The Christmas season is upon us. Actually, there are two versions of Christmas. The first is the ideal dream holiday, in which families are close, people travel long distances to be together, kids are excited about Santa and grateful for the presents they receive, and the food is top shelf. Then there is the real Christmas, which can unfortunately bring out the worst in both grownups and kids: self-centeredness, ingratitude, demands and ultimately, feelings of disconnection between people who should be intimate during this special time of year. It just shouldn't be like that, but it often is.
The culprit of much of this Christmas reality is an attitude called entitlement, and it is pervasive and damaging. In my new book, The Entitlement Cure, I describe the problem as two stances that people take: I am not responsible, meaning that I am not accountable for how I impact others, and that someone else owes me a good and happy life; and I deserve special treatment, meaning that I shouldn't have to wait in line for what I want, because of my specialness. It tears down families, marriages, relationships and organizations. Entitlement is pervasive, and comes from several sources: our culture, our family dynamics, the media influence and our own inborn propensity to make it "all about me."
This Christmas, however, you can go a long way in stopping this holiday killer. Below are several practical and simple skills to help you navigate a Christmas to savor and remember, rather than one to survive and recover from.
o Give experiences over things. As much as possible, give those you love something to do, rather than something to have. For most of us, Christmas isn't about getting something you need, because we pretty much go buy what we need during the year!. So while a sweater, a video game and a wall hanging can be thoughtful, chances are they'll end up going to the garage or goodwill pretty shortly. But an experience lasts a lifetime: a dinner out, a concert, a parasailing excursion, a spa session or a dirt bike race. Giving experiences forces you to think more deeply about the other person's wants and needs, and takes you out of yourself.
o Don't let the usual worker bees do all the work. Lots of families have a gifted cook or host. But that doesn't mean those individuals should do it all. Assign people, including kids, to do those things that the expert shouldn't have to get to: setting up the home, being the sou chef, providing entertainment, and laying out the table. It will create a sense of teamwork and ownership in the group, as opposed to a passive "go get me some snacks while I'm watching the game" mentality.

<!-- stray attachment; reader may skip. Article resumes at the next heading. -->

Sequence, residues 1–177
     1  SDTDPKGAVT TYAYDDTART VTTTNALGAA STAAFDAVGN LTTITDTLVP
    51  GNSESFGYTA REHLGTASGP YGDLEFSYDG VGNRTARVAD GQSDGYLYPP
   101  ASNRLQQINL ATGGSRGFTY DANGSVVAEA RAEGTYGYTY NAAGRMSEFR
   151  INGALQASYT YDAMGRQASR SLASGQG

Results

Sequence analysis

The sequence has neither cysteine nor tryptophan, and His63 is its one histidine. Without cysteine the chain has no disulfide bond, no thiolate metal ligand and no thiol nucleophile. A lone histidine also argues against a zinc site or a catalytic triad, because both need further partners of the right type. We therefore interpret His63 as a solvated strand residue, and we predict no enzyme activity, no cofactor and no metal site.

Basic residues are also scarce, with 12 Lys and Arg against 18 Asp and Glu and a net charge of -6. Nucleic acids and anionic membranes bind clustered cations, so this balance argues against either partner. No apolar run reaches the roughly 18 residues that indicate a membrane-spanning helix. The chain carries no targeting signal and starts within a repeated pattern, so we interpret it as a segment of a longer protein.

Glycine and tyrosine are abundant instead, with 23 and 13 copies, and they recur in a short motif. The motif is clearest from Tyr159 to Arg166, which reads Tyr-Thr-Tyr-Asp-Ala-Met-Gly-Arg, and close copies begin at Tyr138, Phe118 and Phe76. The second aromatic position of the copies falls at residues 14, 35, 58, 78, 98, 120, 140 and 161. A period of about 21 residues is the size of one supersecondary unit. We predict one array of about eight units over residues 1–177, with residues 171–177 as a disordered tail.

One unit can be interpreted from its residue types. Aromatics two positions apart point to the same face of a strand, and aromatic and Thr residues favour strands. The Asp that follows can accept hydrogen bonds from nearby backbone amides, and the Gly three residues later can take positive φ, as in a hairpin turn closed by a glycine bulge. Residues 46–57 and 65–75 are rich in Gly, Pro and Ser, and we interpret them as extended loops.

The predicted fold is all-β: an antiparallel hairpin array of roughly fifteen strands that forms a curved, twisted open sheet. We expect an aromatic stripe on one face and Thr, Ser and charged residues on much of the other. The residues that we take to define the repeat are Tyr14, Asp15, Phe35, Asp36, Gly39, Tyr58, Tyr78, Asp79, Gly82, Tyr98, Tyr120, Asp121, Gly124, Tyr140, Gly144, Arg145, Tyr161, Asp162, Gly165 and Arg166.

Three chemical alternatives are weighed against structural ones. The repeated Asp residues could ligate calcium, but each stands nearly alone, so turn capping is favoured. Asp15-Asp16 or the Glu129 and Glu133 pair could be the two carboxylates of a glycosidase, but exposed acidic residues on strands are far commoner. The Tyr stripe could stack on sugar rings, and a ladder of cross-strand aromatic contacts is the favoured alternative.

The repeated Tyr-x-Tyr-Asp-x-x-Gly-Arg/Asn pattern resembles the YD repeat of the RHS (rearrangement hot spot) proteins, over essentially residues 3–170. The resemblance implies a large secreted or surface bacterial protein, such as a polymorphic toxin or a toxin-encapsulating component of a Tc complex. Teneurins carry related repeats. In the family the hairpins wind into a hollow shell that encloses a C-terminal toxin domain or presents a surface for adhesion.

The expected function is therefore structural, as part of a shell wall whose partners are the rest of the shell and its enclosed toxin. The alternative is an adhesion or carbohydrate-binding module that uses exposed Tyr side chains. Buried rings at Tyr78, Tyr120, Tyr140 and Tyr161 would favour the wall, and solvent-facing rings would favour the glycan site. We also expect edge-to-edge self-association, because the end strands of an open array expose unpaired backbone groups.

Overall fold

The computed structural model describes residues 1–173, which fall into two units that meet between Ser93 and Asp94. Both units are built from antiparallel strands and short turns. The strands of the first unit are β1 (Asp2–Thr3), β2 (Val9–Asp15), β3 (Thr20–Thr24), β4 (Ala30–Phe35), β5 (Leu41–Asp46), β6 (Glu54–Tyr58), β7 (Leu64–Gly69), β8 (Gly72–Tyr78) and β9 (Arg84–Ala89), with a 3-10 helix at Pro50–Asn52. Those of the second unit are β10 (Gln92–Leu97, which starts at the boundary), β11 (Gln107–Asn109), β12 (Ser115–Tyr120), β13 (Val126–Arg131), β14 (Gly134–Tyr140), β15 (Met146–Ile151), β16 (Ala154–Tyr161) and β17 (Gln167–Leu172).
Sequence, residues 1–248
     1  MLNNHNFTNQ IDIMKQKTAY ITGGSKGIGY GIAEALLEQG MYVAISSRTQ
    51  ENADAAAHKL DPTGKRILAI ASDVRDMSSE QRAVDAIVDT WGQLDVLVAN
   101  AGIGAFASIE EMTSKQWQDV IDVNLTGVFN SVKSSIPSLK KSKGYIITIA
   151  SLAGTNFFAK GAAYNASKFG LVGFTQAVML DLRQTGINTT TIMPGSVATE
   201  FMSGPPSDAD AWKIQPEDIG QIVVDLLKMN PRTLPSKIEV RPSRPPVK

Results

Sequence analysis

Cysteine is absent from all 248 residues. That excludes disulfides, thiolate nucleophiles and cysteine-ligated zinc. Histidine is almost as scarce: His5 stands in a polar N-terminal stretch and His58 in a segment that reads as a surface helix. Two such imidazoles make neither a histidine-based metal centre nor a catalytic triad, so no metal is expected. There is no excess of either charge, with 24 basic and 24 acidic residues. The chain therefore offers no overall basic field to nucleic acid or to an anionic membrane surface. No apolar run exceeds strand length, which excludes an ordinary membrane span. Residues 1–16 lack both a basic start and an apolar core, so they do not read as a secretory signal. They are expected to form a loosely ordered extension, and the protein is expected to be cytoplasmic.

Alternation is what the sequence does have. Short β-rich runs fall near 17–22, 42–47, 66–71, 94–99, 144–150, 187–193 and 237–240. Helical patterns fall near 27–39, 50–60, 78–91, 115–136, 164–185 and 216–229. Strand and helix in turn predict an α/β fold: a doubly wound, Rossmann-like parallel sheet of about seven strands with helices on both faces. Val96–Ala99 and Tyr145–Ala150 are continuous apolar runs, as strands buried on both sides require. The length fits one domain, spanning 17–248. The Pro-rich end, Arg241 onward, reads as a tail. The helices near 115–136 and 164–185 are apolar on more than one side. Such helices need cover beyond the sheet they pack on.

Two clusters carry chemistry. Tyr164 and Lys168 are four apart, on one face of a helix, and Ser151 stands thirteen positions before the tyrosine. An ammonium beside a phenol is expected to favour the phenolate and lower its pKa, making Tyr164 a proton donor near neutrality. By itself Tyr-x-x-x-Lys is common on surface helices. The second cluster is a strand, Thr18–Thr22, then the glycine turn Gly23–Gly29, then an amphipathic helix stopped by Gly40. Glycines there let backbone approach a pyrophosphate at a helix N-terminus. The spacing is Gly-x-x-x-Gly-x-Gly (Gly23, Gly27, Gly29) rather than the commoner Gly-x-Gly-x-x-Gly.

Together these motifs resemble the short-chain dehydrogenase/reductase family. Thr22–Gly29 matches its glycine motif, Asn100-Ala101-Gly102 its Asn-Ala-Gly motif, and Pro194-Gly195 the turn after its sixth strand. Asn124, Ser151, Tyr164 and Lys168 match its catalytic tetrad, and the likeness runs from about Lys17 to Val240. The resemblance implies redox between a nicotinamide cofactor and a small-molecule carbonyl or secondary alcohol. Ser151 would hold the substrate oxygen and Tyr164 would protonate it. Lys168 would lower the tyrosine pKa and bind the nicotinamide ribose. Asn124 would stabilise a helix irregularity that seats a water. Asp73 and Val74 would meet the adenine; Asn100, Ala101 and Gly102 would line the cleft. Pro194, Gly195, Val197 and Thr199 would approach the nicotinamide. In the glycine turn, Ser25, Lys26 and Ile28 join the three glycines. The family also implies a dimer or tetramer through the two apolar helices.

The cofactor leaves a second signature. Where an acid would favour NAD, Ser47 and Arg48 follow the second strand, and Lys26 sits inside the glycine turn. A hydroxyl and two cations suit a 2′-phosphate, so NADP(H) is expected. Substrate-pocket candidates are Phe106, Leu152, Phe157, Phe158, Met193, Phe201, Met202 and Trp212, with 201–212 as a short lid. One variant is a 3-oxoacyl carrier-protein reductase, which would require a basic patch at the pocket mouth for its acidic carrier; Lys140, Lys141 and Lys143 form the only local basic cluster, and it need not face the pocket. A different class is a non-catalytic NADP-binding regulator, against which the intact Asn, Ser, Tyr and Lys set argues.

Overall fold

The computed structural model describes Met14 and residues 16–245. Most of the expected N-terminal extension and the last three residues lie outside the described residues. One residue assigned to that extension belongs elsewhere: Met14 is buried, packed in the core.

o Say what you neglected to say to those you love. Christmas is a time of love, appreciation and reconciliation. We all get busy during the year and simply forget to tell people in our lives something specific that they mean to us. This is the time to do it. My wife and I were at a Christmas party this week, and I saw an old friend who had sponsored me and my boys in a father-son organization, with which we were involved in for several great years. It was a peak time in the relationship between my sons and me. I told Bob, "Thanks for many years ago making sure we got involved in the organization." It took 10 seconds. This matters to people.
o Invite those who need inviting. It's easy to get into the huddle of your family and your A-list friends. But this year, think about having someone over during the holidays who isn't in that group, but could really use the warmth and support: someone in poverty, or from the neighborhood, or someone without family nearby. You will make their Christmas 100% brighter and with little effort on your part. Don't be insular this year. Just have a goal: "During the holidays, we will reach out to at least one person who could use it."
o Structure a share time. It's so easy to enjoy the dinners and parties, and yet we can also miss the deeper meaning of Christmas. It's not cheesy to say, "Before the game, we're go around the table and say something about what Christmas means to us, personally, relationally and spiritually." You will be surprised at the vulnerable and authentic things that will come out of people from you'd never expected anything. This again pulls people out of "me" and into "we."
o Keep gifts for 30 days minimum. There will be gifts all over the place, including experiences. But keep that funky tie for a month before you give it away. People notice. Once, I disposed of a project one of my sons made for me, the day after Christmas. I have no idea why, I think I was just trying to get out of the stuff pile. But he noticed it, and has given me a hard time about it, for the last 10 years:)
Your Christmas can be entitlement-free. It is the season for giving: of yourself, of your love and of your time. Merry Christmas!
Dr. John Townsend is the New York Times bestselling author of "Boundaries" and the newly released, "The Entitlement Cure: Finding Success In Doing Hard Things the Right Way" (Zondervan, October 2015).